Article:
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Kindergarten is the beginning of formal education for children ranging from 5 to 6 years of age. It is where children are taught playfully in the traditional classroom. The kindergarten schedule is regularly Monday thru Friday. In this guide, I provide the best ways to prepare for kindergarten to make a successful transition for you and your kid(s).
Where did Kindergarten originate?
It originated in Germany by Friedrich Froebel, a German educator. He established a school in Blankenburg, Germany, in 1837, where he characterized the children in his school as plants and the teachers as gardeners. Kinder in German means “children,” and Garten means “garden.”
How to know if your child is ready for Kindergarten?
Most schools use birthday cutoff dates and the deadline for registration. The birthday cutoff date is to help determine who’s eligible for a Kindergarten class. However, age isn’t the only way to measure your child’s readiness.
Your child is probably ready to start Kindergarten if he/she can follow simple directions, sit still, use the restroom by themselves, recognize some letters or numbers, work on fine and gross motor skills, and handle emotions. However, it is normal for a 5-year-old to break into tears when upset. They are still learning how to manage those emotions and communicate them.
Think about how well your child can communicate and listen. Don’t think about the skills they may not have mastered yet, but their eagerness to continue learning.
Tips to make the transition to Kindergarten easier:
1. Visit the school
It is a great idea to show your child around the new atmosphere they will spend a lot of time in. For instance, where their classroom(s) are, cafeteria, bathrooms, playground, and more.
Janette Pelletier, assistant professor of human development and applied psychology at the Ontario Institute for Studies in Education of the University of Toronto (OISE/UT), shares that “research shows that children are most often upset because they’re unsure of what’s going to happen next, where they put their things, who their teacher is, what they’re supposed to do.”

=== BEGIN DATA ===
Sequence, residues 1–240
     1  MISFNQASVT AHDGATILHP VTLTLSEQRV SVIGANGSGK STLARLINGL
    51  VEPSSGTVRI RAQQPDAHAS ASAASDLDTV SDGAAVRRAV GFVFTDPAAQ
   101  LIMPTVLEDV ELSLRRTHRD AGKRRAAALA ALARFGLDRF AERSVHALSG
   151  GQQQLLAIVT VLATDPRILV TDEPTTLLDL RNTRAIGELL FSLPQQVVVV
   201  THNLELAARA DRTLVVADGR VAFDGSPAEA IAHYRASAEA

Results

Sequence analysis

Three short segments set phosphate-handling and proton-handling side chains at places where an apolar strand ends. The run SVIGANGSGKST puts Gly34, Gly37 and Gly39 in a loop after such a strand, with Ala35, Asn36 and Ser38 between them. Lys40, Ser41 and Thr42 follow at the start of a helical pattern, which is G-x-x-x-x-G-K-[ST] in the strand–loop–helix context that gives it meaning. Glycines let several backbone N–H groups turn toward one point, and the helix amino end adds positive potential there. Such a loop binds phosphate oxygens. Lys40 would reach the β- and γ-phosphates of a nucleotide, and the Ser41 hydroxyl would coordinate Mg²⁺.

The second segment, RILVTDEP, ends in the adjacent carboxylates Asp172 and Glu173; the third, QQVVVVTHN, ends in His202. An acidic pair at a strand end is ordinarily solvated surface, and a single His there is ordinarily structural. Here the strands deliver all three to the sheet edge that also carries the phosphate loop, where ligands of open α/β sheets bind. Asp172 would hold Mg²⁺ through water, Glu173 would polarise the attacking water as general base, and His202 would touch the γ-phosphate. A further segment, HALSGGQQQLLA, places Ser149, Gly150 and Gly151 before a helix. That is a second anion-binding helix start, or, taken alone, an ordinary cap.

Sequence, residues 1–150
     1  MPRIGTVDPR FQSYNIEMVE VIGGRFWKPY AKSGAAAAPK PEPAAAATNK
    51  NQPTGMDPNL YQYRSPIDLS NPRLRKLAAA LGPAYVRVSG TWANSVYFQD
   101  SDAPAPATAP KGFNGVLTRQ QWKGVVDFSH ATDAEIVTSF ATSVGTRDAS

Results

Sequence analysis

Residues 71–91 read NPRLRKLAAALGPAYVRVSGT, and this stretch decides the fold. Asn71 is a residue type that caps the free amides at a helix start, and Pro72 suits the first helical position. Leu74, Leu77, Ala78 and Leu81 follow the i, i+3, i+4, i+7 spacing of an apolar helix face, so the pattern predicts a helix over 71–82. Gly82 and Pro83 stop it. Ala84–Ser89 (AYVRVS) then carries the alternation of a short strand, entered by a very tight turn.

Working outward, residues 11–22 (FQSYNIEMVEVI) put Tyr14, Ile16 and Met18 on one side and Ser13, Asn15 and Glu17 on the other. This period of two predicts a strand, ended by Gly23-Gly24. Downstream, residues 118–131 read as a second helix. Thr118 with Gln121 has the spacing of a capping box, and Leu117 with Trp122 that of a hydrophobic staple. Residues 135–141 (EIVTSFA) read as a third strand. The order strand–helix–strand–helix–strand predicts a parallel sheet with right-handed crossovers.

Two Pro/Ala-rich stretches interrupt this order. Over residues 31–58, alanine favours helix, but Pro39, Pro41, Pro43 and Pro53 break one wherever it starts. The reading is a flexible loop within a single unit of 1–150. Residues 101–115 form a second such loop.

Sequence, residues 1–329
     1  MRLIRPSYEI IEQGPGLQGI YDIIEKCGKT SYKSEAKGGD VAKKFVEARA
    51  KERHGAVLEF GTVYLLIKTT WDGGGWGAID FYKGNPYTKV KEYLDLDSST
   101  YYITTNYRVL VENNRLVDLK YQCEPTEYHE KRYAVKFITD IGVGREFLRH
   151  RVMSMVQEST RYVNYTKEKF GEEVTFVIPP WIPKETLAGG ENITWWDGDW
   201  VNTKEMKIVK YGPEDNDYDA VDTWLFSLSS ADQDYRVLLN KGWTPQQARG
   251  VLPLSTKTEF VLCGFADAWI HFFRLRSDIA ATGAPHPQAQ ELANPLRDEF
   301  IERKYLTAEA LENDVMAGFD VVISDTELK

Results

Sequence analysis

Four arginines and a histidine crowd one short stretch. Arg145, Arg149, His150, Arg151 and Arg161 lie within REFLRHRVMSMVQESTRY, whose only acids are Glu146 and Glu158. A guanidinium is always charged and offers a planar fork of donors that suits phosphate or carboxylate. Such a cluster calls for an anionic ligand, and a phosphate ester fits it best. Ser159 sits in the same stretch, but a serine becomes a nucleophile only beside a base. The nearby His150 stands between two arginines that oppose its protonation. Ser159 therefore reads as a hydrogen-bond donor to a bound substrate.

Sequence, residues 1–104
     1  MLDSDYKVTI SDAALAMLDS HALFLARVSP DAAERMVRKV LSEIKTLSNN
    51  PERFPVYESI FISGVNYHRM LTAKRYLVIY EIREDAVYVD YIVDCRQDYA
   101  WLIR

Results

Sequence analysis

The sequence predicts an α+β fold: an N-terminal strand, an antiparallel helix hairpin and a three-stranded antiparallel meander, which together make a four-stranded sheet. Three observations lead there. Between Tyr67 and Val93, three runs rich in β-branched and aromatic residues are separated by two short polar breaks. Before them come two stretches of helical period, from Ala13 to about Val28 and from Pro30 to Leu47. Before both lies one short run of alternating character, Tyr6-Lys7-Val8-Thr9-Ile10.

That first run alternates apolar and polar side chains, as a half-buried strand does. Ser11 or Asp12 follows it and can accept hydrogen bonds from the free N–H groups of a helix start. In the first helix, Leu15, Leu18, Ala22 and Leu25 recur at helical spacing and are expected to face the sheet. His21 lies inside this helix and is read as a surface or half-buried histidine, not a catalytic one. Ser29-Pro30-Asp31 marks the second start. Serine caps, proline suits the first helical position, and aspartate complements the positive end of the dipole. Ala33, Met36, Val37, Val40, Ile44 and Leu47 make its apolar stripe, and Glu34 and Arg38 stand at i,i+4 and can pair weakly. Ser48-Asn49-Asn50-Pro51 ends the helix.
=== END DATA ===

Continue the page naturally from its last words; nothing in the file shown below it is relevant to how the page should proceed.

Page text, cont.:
2. Practice getting ready for school.
Work together to make a routine that fits both you and your child. Plan out if your child is going to be riding the bus or if you will be taking them and bringing them home. Some schools provide a “First Start” program to give them the practice of riding the bus, but you can always do a little role-playing, like mom playing the bus driver as well. Also, having someone greet your child as they are coming off the bus can help calm anxiety and prevent the case of missing a bus stop during the first week.
- Decide if laying out clothes the night before is better than searching for them first thing in the morning.
- Try to provide a nutritious breakfast, or if you are dropping off your child early, most schools offer breakfast at an additional cost.
3. Help them make friends
A new social scene can be very frightening. However, you can easily worry about the summer before. Ask around your neighborhood to uncover possible classmates and set up a playdate or two so they will have a couple of friends who will know.
4. Let your child participate in picking out their school supplies
- Crayons and Markers
- Tissue boxes (Most teachers request a child to bring in a box of tissues)
5. Have your child participate in lunch planning
- The most recommended item for lunch boxes for kids is the bento box.
- Let them help you decide what to make or buy for lunch boxes.
It is not recommended to fill up your child’s lunch with sugary foods as it will give them a spike in the glucose levels in their body. This will result in a slump later in the day which will cause your child to feel tired, which is not a good way to feel if you are trying to learn and grow.
6. Make the big day special and be positive with the drop-off.
Take your child back-to-school shopping. A new outfit and pair of shoes often make your child feel more confident, and it builds anticipation for the first day. You could even let your child pick a celebratory dinner for the first day back to school.
Often parents take pictures of their children on their first day back to school, and it is great to see your child’s growth progression.
When dropping off, stay positive even if you feel the emotions building. This is a huge milestone and adventure that you are both embarking on. Kindergarten is the beginning of formal education for children ranging from 5 to 6 years of age. It is where children are taught playfully in the traditional classroom. The kindergarten schedule is regularly Monday thru Friday. It is an emotional time for most parents like myself, as I can still remember giving birth to my son like it was yesterday.
- Say when you’ll be back and that you’ll look forward to hearing about her first day.
- Ease someone else in. Suggest that he sit beside a special friend or near the teacher.
- Stay for a few minutes (if necessary and with the teacher’s agreement)
I genuinely hope that you and your child have a magnificent school year.